Zooie, Tom & I went to church, then went out on the Front. After lunch, we went to see Clement & Presh, they were out in the fields, then we lay out on the grass under the trees, till tea time. After tea, & sewed for a bit in the morning room with Zooie. Then I went to the club, Zooie walked down with me, but her corn was too bad for her to stay. Miss Keir & I were the only two, & Miss Hewson at the desk. There were very few men in. When I got back, Zooie was packing, & I sat with her for a bit, then went to bed at about twelve.
Letter from Pat Armstrong to Mrs Armstrong
My dear wee Mus.
I hope the interview with Mrs Adamson went off successfully. I think I told you that I wired to Harry saying “The application for you is cancelled”. If he doesn’t hear the whole details of the case from Hardress he won’t be any the wiser. It might have been an awkward situation if I had rolled up here with him. Bobby Nickalls has passed his board but there is no news of his arriving yet. I believe he is an awfully good fellow. I had a long day yesterday in the trenches leaving here about 9.30 and getting back about 4 o’c. We all have to wear those helmets now. Horribly heavy they are. I have wired to Hawkes for one of his which are much more comfortable. I rode over to Corps to-day & then took a long detour round on the way home. It has been a glorious warm day. Ted Miller rolled up for lunch, he was in great form. Algy Neil came in last night for a few minutes just as we were starting dinner, he couldn’t stay as he was dining somewhere himself. He seems a real topper I’m awfully taken with his face. He looks so much younger than he does in his photos. He looks so clean & hard. He has the nicest face I have seen for a very long time. He strikes one as having a tremendous personality. He has gone away for a couple of days but ought to be back on Tuesday I think. I must see more of him then. His billet is only about 2 miles from here. I’ll try to get him in to dine one night.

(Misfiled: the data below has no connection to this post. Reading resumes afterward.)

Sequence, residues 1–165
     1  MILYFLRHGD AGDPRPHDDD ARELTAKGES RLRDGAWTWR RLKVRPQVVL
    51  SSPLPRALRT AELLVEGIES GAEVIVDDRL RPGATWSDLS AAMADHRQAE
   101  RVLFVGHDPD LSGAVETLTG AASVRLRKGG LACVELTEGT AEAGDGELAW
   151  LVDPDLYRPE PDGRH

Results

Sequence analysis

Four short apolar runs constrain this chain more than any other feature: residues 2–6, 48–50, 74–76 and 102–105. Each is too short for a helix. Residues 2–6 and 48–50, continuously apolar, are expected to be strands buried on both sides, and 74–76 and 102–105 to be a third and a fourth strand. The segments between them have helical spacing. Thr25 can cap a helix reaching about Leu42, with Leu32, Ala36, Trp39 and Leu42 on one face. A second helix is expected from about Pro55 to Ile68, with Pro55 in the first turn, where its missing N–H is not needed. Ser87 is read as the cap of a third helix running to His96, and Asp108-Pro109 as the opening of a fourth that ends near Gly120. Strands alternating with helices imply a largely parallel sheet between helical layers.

There isn’t much news here, the paper still continues to flow in, it’s extraordinary what a lot of stuff there is flying about. I have changed the name of my chestnut mare from “Lady B” to “Whiteface”. The whole business was a failure & the mare never had a day’s luck with that name. She has been quite the most unlucky animal I have ever owned, she was always doing herself in somehow. As soon as I got her right from one thing she would go wrong on something else. So I’m in hopes that she may be more lucky with her new name. She has made an extraordinary recovery & is now going quite sound. Of course her knees will always be badly blemished but I’ll be able to ride her which is a great thing. One knee is practically alright & is healing well, the other is healing too but is still swollen. She can flex both of them & goes sound which is good. Melody is looking better than ever she was. I have got the mare I lamed when we left Long. She is quite sound again. I have rather fun with her as she is awfully green so I take her out every morning before breakfast & school her. It’s nearly 12 o’c so I must off to bed. Best love dear wee Mus.